PostED ON OCTOBER 14 AT 6:36 PM
This year, they both received the Bernard Chardère Prize… Christine Masson and Laurent Delmas are co-hosts of the cinema programme, “On aura tout vu” (“We’ll have seen it all”) on France Inter radio.
How would you define your profession?
Christine Masson :
Spreading enthusiasm to others, introducing films that they might not necessarily see in the movie theatre, and act as an intermediary between the public and the creators, asking them the questions that people would like to ask.
Laurent Delmas : I imagine being, as Serge Daney said, a ferryman. Someone who negotiates between an art and its viewer, with this idea of being a lookout in different forms: though interviews, reports and critical analysis, adding that there can only be a passionate ferryman.
What does receiving the Bernard Chardère Prize mean to you?
L. D. : I'm happy, it's a very Lyonnais prize, and Lyon is a city that I really like because it is one of the foundations of French films of my cinephilia, including The Clockmaker of St. Paul (1974), A Lover’s Return by Christian-Jacque (1946) which I discovered through Bertrand Tavernier, and Army of Shadows by Jean-Pierre Melville (1969). So, it’s really not insignificant to get an award here. And then, it is also a recognition of our work on the cinema.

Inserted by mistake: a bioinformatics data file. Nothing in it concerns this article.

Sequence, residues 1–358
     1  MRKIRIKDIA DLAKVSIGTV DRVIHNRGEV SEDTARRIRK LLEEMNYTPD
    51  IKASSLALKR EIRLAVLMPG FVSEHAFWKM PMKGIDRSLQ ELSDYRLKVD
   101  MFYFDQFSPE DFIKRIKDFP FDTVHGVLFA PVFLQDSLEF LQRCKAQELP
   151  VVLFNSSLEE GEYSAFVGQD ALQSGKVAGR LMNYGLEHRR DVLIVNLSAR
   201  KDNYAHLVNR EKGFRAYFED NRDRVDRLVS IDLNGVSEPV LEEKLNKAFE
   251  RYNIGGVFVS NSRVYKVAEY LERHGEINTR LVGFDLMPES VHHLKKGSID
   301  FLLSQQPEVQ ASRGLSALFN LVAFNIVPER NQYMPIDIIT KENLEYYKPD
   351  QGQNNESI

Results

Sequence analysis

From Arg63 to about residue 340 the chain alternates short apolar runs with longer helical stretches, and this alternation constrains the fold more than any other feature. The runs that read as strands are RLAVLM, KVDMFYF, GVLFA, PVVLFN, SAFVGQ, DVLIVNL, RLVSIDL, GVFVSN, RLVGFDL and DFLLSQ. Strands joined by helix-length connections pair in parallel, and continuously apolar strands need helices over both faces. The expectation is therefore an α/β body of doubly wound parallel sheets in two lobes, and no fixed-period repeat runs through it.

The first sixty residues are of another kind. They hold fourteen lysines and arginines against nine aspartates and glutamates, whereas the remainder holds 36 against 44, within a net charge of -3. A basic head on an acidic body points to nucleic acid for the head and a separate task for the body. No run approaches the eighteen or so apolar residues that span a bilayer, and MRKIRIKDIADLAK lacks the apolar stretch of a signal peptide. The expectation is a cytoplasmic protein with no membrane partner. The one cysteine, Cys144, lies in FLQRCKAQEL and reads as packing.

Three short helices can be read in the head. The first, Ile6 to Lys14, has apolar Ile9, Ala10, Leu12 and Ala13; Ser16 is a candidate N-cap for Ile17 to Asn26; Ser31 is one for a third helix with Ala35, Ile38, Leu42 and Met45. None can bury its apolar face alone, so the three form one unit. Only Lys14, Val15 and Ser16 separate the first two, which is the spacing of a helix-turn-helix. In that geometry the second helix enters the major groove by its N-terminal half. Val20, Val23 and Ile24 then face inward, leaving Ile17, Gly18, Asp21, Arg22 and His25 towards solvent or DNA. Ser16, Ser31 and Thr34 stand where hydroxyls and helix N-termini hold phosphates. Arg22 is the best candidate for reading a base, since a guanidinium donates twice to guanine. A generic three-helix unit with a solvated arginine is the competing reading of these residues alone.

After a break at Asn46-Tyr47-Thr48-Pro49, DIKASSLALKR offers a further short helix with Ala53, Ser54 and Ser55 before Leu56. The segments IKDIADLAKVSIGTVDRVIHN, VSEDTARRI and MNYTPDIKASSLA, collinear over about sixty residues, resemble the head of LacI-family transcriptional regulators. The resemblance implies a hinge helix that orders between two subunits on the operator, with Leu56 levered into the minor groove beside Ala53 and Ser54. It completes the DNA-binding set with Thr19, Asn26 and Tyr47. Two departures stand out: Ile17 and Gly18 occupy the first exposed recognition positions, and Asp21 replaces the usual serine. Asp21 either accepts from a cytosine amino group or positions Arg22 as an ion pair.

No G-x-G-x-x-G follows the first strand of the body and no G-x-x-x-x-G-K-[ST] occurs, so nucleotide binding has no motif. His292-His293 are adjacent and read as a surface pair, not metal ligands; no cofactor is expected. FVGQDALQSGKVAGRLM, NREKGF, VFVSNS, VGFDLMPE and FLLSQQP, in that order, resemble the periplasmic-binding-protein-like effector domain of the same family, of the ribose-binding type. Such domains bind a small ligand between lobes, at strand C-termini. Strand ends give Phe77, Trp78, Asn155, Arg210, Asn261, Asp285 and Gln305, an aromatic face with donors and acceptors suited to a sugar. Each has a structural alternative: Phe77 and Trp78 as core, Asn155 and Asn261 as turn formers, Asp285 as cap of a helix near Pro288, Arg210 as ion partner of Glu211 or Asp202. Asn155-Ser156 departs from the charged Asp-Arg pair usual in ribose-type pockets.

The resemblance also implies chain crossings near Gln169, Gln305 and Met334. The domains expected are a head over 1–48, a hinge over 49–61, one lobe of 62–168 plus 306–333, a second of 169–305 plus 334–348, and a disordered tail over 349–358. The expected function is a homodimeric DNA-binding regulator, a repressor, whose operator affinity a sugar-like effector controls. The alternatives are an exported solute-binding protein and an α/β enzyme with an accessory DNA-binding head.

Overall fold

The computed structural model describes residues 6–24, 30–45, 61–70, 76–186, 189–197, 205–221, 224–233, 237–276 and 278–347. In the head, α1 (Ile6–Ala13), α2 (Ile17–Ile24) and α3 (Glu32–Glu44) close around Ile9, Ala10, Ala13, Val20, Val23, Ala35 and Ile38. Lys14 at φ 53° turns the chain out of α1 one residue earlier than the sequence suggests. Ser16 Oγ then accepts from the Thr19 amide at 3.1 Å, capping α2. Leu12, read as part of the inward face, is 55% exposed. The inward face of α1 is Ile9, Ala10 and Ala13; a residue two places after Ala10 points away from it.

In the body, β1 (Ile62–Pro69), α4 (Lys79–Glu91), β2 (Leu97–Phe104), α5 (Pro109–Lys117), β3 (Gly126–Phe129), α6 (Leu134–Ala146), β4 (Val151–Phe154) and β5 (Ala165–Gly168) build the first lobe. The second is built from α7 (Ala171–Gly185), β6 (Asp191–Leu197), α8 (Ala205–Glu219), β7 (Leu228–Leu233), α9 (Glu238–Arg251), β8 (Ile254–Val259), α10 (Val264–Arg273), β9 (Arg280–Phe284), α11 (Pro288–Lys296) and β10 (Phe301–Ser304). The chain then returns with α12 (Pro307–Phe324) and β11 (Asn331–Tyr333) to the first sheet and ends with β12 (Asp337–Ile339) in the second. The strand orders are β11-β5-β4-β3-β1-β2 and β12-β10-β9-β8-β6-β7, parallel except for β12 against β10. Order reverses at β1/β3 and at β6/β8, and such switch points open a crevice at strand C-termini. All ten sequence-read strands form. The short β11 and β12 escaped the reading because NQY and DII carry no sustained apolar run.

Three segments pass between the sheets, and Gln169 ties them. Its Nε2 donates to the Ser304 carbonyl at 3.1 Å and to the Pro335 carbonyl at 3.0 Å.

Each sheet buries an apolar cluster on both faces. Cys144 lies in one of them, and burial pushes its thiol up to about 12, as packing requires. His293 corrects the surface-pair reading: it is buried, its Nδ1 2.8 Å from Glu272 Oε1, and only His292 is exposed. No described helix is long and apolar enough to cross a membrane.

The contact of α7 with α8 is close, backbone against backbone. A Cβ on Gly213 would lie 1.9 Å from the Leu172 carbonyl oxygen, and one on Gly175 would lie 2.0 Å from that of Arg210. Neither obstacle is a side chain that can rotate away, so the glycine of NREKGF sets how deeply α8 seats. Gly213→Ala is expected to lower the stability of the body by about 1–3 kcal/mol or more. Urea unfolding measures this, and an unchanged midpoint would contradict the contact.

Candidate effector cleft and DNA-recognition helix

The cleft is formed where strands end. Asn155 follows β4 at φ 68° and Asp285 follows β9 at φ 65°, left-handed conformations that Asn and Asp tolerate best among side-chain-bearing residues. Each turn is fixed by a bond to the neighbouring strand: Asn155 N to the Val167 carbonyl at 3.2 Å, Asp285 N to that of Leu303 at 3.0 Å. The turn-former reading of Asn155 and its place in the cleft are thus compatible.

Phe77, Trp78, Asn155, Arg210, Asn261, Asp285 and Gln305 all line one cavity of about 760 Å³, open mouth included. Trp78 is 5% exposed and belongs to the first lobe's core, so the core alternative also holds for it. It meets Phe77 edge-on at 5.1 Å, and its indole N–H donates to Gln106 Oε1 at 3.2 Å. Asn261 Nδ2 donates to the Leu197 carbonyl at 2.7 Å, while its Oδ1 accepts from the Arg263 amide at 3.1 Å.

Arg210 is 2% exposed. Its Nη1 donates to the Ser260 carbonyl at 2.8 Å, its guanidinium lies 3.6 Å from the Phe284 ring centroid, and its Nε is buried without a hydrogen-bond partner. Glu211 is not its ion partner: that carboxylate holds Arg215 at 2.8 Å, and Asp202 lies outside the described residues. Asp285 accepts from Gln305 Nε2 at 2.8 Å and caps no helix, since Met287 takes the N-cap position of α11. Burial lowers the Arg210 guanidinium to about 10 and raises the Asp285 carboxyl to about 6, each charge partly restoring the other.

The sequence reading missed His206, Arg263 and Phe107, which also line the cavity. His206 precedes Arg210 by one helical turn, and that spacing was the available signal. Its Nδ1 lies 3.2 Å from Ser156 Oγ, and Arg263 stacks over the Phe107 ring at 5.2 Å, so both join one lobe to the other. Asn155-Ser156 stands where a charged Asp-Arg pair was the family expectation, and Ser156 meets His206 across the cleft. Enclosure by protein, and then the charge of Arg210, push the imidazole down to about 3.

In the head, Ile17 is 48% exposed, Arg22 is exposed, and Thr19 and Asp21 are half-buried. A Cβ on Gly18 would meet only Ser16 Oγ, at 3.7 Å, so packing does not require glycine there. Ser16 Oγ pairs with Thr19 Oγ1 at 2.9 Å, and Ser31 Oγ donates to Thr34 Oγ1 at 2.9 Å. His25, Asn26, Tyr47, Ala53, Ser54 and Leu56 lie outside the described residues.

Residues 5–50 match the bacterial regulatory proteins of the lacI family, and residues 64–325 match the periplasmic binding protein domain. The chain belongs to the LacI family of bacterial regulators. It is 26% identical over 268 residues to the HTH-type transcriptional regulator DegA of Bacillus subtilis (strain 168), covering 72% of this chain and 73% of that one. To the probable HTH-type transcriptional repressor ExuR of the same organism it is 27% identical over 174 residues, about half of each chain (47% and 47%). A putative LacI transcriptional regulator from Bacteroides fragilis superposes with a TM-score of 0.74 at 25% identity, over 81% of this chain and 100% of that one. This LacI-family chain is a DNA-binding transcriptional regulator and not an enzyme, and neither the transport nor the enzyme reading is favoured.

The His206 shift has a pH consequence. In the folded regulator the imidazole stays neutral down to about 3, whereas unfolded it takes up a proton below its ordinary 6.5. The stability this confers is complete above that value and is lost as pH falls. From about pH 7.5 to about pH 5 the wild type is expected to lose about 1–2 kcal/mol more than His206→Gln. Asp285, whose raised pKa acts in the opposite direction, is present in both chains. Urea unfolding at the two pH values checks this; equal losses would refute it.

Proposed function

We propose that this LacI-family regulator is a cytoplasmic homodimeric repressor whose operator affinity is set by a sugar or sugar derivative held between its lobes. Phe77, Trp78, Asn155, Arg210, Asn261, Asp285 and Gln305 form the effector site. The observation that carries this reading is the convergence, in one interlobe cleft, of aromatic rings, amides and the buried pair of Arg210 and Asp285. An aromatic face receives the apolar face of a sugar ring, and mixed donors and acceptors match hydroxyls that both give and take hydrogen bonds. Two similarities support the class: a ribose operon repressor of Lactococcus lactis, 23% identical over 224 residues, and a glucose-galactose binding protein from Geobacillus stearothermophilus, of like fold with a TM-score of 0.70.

C. M. :
Yes, receiving this award in the city of the birth of the cinema, that's what is important- it's a privilege, and it is also about realizing that, after thirteen years of broadcasts, we put forward well-intentioned and yet critical ideas.
How do you see your profession in the future?
L. D. : It's hard to say, because everything is a bit muddled at the moment,, with the explosion of social networks, which makes it seem like everyone is kind of a critic. We will probably have to wait for a while for this situation to settle down and for us to understand that critical expression is really the fruit of necessary and useful expertise. In the future, we will have to become more audible again.
C. M. :
I'm quite pessimistic about the future of the profession, but if I had to give an optimistic take, I would say that I want cinemas to survive, and I hope that people continue to seek substantiated information, ever deeper words from creators, content that lasts. Our future depends on the resistance of the cinema, on the big screen, and on the curiosity that people have to find out more.